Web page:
The Convention on the Elimination of All Forms of Discrimination Against Women (CEDAW) is an international treaty that was adopted by the United Nations General Assembly in 1979. The treaty defines discrimination against women and establishes an agenda for national action to end such discrimination. It also obligates governments to take affirmative action to ensure women’s full and equal participation in all aspects of life. As of 2021, 189 countries have ratified CEDAW, making it one of the most widely accepted human rights treaties.
CEDAW provides a framework for the elimination of discrimination against women and is an essential tool for promoting women’s rights and gender equality. It covers a broad range of issues, including political participation, education, employment, health care, and access to justice. It also recognises the important role that women play in peacebuilding and conflict resolution.
In recent years, the implementation of CEDAW has become a key focus of the international community. The United Nations Committee on the Elimination of Discrimination against Women regularly reviews state party reports on the implementation of the Convention and issues recommendations for further action.
In 1986, the UK ratified (committed to abide by) CEDAW, which obligates it to implement measures aimed at ensuring that women have the same opportunities as men to fully enjoy their human rights, such as:
CEDAW has not been directly integrated into domestic law and policy by the UK and devolved governments. Therefore, the principles and provisions outlined in CEDAW cannot be enforced by domestic courts. However, some of the rights specified in CEDAW are partially implemented through various means, such as the Equality Act 2010, the Human Rights Act, and other legislation, policies, and programs.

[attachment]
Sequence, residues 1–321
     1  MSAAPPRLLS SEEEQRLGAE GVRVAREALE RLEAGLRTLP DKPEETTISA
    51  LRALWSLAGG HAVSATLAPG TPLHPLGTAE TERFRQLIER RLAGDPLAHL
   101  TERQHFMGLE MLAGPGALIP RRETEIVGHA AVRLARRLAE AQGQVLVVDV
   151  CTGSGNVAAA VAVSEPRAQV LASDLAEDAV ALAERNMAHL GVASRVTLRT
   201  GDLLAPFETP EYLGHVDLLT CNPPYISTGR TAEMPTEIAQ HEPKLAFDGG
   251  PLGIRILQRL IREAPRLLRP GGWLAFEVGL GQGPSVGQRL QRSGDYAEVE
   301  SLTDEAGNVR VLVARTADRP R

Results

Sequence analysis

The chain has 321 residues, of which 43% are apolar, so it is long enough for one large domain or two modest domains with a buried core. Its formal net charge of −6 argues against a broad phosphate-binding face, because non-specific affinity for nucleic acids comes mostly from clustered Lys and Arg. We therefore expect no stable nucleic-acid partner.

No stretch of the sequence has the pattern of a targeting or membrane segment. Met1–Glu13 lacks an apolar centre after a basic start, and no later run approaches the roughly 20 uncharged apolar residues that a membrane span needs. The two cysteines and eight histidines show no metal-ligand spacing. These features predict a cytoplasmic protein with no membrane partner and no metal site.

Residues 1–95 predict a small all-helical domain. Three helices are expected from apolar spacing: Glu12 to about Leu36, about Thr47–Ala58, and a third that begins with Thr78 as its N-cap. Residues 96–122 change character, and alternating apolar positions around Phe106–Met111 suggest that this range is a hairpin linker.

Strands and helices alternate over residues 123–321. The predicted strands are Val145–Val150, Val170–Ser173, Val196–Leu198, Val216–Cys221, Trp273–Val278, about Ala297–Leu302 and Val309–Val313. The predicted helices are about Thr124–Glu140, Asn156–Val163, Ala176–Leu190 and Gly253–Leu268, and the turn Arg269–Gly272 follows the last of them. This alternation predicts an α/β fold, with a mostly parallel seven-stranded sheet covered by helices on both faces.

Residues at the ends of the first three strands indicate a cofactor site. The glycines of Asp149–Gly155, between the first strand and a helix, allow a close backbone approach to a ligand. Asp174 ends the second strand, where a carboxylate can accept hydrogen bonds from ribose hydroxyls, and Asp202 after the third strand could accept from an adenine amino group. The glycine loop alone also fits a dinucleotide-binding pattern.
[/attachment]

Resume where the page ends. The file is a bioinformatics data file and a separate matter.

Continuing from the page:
The Istanbul Convention, also known as the Council of Europe Convention on preventing and combating violence against women and domestic violence, is a treaty that was adopted in 2011. The convention is the first legally binding instrument in Europe that focuses specifically on preventing and combating violence against women and domestic violence. It obligates states to take a comprehensive approach to addressing violence against women, including prevention, protection, prosecution, and partnership with civil society.
As of 2021, 34 countries have ratified the Istanbul Convention, including the UK. However, there have been debates in the UK regarding the ratification of the convention, with some arguing that it would undermine the country’s sovereignty. In 2021, the UK government announced that it would not proceed with ratifying the Istanbul Convention, which sparked criticism from women’s rights organisations.
On 17 May 2022, Home Secretary Priti Patel announced the UK’s intention to ratify the convention. In her statement she said that tackling violence against women and girls was “a government priority and these crimes have no place in our society”.
The Beijing Declaration and Platform for Action is a global policy framework that was adopted at the United Nations Fourth World Conference on Women in 1995. The document is a landmark agreement that outlines a comprehensive agenda for advancing gender equality and the empowerment of women. It covers 12 critical areas of concern, including women and poverty, education, health, violence against women, and women in power and decision-making. The declaration also calls for the elimination of all forms of discrimination and violence against women, and for the promotion of women’s human rights and participation in all spheres of life.
The UK government has expressed its commitment to the Beijing Declaration and Platform for Action. In March 2021, the government launched a new Gender Equality Hub to support the delivery of the Beijing Platform for Action and the Sustainable Development Goals on gender equality. The Hub aims to bring together government departments, civil society organisations, and other stakeholders to coordinate and accelerate efforts to promote gender equality and women’s rights.
The UK government has played a leading role in advocating for the rights of women and girls internationally, such as by serving as the “penholder” on women, peace, and security at the UN Security Council and establishing the Gender Equality Advisory Council during its 2021 G7 presidency.